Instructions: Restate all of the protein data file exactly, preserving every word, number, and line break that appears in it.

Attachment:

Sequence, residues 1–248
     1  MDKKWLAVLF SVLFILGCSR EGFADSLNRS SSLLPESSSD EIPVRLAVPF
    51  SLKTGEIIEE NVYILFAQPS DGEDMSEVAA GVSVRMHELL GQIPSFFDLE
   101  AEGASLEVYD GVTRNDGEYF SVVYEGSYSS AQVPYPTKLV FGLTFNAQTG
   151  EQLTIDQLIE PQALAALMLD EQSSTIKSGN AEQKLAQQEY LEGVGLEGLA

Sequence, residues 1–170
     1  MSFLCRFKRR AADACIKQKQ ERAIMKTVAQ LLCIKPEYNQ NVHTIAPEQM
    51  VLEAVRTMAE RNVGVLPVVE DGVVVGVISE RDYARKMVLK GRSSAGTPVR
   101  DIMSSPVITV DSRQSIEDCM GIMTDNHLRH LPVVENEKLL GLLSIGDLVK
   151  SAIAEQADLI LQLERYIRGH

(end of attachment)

Sequence, residues 1–248
     1  MDKKWLAVLF SVLFILGCSR EGFADSLNRS SSLLPESSSD EIPVRLAVPF
    51  SLKTGEIIEE NVYILFAQPS DGEDMSEVAA GVSVRMHELL GQIPSFFDLE
   101  AEGASLEVYD GVTRNDGEYF SVVYEGSYSS AQVPYPTKLV FGLTFNAQTG
   151  EQLTIDQLIE PQALAALMLD EQSSTIKSGN AEQKLAQQEY LEGVGLEGLA

Sequence, residues 1–170
     1  MSFLCRFKRR AADACIKQKQ ERAIMKTVAQ LLCIKPEYNQ NVHTIAPEQM
    51  VLEAVRTMAE RNVGVLPVVE DGVVVGVISE RDYARKMVLK GRSSAGTPVR
   101  DIMSSPVITV DSRQSIEDCM GIMTDNHLRH LPVVENEKLL GLLSIGDLVK
   151  SAIAEQADLI LQLERYIRGH